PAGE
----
Dekker’s The Shoemaker’s Holiday, Shakespeare’s Twelfth Night and The Winter’s Tale, and Jonson’s Bartholomew Fair highlight connections between carnival, economics, and social mobility in urban and rural settings.1 Dekker’s play, which was performed at court before Queen Elizabeth and her courtiers on New Year’s Day in 1600, focuses on the monetary advancement of individuals from the middle and lower ranks during the space and time of a utopian fantasy.2 Carnivalesque episodes, motifs, and figures in this play demarcate a fluid, social hierarchy and emerging market economy and exhibit ambivalence toward republican notions of liberty for aspiring merchants, artisans, and laborers. Shakespeare’s festive comedy Twelfth Night, which refers explicitly to the Twelve Days of Christmas and was first performed for that holiday season in 1601, displays how the aristocracy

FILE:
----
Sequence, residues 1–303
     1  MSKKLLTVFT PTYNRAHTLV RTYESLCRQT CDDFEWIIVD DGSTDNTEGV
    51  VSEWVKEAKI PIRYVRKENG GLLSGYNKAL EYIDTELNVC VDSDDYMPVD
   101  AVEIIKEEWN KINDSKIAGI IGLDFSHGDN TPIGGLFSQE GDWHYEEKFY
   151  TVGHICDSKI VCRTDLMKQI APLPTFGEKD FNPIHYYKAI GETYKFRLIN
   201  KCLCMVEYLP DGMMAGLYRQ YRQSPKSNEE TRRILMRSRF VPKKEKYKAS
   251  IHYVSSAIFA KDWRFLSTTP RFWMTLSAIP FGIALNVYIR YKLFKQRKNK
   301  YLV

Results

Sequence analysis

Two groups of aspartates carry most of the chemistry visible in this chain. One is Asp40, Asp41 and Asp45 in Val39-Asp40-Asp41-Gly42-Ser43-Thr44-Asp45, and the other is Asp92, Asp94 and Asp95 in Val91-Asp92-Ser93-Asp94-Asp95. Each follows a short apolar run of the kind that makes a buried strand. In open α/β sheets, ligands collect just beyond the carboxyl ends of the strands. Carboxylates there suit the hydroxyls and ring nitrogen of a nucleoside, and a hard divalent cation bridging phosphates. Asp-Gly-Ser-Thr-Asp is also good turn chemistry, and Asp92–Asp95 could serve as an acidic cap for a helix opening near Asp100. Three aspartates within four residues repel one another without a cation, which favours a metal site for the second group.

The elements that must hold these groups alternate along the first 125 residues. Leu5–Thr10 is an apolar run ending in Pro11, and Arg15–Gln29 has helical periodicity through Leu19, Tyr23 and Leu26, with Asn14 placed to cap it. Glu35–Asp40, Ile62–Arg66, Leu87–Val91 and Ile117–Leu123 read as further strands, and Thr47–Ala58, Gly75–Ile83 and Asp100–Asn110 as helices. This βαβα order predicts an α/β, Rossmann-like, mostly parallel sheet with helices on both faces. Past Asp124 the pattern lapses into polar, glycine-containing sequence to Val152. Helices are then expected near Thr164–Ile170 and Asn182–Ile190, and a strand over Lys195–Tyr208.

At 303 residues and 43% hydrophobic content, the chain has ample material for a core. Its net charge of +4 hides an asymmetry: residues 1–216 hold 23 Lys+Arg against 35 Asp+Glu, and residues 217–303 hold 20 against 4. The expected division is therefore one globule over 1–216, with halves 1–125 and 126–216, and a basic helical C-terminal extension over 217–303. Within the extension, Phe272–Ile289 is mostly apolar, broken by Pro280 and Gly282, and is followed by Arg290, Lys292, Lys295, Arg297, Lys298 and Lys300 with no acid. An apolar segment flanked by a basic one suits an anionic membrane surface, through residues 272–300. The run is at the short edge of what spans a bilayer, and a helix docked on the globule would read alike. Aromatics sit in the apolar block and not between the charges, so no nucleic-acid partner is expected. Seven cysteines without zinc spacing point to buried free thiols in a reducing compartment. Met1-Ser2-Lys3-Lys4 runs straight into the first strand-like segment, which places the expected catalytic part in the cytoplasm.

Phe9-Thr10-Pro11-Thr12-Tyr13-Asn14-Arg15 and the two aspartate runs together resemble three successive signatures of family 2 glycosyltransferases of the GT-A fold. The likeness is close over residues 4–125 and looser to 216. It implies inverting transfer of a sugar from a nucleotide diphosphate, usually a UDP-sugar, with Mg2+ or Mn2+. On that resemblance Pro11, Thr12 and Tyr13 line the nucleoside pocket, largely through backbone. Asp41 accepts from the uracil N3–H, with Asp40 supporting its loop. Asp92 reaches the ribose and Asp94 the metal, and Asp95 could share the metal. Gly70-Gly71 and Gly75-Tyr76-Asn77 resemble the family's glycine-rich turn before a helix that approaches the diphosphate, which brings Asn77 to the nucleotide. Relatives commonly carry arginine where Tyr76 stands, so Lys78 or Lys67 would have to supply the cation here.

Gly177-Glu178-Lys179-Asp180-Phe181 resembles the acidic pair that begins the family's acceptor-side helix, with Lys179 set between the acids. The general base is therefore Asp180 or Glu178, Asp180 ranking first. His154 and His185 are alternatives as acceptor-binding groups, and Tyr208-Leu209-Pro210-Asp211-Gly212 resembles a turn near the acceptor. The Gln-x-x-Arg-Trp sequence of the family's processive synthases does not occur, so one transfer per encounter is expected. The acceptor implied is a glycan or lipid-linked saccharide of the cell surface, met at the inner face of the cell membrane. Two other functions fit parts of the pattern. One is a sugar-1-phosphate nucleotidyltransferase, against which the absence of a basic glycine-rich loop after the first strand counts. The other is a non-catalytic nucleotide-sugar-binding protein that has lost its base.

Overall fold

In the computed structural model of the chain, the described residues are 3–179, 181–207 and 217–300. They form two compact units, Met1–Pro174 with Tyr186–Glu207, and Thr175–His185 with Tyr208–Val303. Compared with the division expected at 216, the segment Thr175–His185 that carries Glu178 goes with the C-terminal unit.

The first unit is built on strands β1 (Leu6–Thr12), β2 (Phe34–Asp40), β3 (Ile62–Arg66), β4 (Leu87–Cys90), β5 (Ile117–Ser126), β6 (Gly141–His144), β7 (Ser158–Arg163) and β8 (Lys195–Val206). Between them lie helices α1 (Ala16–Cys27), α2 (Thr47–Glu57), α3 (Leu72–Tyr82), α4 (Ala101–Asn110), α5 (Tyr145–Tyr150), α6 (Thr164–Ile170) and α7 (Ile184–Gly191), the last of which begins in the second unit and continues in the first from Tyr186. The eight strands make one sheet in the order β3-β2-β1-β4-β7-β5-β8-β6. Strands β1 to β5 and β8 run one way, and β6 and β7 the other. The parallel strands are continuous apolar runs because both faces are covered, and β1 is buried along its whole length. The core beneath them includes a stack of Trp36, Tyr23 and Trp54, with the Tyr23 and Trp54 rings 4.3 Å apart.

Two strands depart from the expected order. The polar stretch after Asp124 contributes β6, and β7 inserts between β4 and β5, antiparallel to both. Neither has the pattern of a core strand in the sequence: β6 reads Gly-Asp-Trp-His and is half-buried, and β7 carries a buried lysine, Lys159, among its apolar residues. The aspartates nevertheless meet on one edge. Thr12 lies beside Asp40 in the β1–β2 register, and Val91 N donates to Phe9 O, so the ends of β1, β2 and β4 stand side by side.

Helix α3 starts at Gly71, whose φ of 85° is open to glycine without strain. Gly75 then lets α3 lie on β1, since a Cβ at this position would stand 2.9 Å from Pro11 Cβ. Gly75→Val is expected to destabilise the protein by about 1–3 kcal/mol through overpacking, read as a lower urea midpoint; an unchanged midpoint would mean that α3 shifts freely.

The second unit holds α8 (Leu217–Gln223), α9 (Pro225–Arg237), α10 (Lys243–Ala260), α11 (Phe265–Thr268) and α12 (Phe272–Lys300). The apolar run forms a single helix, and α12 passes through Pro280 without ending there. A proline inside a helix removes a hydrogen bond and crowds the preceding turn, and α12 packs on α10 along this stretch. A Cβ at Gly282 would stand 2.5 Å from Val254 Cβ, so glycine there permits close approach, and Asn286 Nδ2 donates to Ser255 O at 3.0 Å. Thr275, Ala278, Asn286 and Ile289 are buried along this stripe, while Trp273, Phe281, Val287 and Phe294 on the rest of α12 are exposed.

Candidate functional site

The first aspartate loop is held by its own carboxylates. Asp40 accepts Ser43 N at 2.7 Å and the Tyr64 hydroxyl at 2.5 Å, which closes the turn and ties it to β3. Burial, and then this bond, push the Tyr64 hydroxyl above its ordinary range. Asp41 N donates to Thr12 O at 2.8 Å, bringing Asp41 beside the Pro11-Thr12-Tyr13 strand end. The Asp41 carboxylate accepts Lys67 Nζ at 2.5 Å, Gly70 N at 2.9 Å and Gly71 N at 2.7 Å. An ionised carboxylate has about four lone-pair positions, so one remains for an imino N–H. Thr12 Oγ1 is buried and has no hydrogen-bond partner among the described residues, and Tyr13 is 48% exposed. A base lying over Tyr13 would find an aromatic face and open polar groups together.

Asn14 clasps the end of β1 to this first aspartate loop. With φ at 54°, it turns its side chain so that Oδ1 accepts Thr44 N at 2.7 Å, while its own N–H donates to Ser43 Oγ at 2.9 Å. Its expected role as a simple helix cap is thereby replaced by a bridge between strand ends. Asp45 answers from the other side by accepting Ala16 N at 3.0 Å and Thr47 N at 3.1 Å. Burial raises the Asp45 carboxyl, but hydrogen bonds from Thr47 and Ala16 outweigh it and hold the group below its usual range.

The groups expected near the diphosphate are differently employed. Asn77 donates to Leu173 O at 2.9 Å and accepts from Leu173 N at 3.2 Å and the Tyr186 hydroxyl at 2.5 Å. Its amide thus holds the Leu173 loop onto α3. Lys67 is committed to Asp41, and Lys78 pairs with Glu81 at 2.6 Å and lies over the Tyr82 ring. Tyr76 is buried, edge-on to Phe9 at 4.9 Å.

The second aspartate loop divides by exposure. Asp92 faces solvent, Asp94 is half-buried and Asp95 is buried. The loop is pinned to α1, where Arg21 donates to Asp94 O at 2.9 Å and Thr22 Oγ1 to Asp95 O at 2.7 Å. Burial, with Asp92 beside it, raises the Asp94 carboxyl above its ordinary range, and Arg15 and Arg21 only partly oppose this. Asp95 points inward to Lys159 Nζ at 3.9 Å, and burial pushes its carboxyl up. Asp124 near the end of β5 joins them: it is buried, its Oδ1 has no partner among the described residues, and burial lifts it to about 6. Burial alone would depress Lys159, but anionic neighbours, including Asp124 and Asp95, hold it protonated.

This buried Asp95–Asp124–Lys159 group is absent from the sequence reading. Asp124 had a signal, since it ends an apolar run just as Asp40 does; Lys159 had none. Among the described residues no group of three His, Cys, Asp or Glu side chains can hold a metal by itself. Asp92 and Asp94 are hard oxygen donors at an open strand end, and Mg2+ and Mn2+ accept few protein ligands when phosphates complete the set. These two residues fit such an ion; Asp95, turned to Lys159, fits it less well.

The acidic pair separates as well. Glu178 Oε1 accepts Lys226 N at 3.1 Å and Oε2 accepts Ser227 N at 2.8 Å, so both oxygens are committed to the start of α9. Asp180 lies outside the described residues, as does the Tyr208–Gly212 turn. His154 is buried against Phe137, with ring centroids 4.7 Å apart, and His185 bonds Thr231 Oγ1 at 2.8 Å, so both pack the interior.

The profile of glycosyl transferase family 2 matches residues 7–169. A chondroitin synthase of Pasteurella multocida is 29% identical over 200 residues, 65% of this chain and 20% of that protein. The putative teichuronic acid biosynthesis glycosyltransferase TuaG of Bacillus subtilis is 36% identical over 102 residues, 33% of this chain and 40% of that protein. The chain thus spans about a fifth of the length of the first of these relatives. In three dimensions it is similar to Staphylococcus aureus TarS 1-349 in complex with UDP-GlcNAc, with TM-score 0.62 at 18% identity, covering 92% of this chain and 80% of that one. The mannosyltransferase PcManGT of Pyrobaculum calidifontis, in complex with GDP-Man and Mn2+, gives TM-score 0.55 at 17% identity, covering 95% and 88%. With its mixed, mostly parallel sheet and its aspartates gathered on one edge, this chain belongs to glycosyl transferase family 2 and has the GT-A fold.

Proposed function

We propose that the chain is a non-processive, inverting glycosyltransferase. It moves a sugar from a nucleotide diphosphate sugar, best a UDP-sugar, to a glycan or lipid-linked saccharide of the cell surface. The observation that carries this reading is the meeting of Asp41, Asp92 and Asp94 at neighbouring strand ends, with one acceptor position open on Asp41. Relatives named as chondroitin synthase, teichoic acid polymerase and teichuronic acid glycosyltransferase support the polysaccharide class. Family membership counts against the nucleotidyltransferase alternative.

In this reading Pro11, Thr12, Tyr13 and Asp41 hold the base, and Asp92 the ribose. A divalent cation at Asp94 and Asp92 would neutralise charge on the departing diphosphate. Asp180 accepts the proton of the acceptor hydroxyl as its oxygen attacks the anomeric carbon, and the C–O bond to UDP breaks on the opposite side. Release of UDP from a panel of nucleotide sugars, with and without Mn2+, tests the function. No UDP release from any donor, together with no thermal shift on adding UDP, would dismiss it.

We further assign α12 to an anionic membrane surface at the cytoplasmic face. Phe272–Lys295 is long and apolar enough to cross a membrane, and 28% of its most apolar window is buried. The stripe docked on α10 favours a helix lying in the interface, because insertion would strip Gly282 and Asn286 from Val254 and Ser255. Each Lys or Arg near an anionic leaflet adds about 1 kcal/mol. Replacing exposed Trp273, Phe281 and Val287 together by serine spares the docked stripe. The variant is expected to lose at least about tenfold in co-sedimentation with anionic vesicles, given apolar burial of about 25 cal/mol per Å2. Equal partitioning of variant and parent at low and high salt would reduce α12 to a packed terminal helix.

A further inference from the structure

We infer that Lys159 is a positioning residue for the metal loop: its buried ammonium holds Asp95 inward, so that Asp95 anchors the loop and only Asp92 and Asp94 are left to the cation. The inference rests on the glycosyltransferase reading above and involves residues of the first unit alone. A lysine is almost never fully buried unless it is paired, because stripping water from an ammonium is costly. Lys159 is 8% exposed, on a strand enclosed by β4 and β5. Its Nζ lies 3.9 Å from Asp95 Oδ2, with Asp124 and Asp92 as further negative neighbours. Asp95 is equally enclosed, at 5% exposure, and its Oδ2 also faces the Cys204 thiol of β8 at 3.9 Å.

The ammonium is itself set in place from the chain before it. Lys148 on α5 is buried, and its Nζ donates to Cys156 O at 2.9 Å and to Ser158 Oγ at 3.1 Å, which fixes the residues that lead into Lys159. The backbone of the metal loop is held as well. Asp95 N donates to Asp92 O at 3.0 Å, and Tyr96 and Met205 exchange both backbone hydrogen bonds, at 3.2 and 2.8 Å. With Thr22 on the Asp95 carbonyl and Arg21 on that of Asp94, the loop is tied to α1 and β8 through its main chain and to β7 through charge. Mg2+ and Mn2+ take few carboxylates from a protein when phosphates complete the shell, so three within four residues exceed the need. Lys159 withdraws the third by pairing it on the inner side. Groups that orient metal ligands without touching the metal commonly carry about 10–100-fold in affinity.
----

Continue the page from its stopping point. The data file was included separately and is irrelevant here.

1 In “Thomas Dekker’s Twelfth Night,” University of Toronto Quarterly 41 (1971): 66, Arthur Kinney cites C. L. Barber’s remark in Shakespeare’s Festive Comedy, 5-6, that in Elizabethan England “seasonal feasts were not, as now, rare curiosities to be observed by folklorists in remote villages, but landmarks framing the cycle of the year … Shakespeare’s casual references to the holidays always assume that his audience is entirely familiar with them.” Citing M. T. Jones-Davies, Thomas Dekker: Un Peintre de la vie Londonienne (Paris 1958), vol. 1, 126-7, Kinney continues that in The Shoemaker’s Holiday, which was a New Year’s gift to Elizabeth I in 1599, Simon Eyre functions as Lord of Misrule and King of the Bean, titles reminiscent of what a French critic calls a lord of “‘le mardi gras’”: 65-6 and 71. Kinney draws a connection between Dekker’s Shoemaker’s Holiday and Shakespeare’s Twelfth Night by noting that shoemaker Firk’s clowning in Dekker’s play anticipates that of the clown Feste and Lord of Misrule Sir Toby Belch. He dates the completion of Dekker’s play as September 1599 when the Lord Admiral’s Men were selecting plays for the Queen’s Christmas festivities, suggesting further parallels between it and Twelfth Night written in 1600 (72). In Shakespeare’s Festive World, 43, Laroque relevantly describes Firk as a “Rabelaisian” figure befitting a carnivalesque feast. Ivan Canadas similarly argues that “The Shoemaker’s Holiday is indebted to the communal and popular tradition of carnival” in Public Theater in Golden Age Madrid and Tudor-Stuart London (Aldershot: Ashgate, 2005), 4.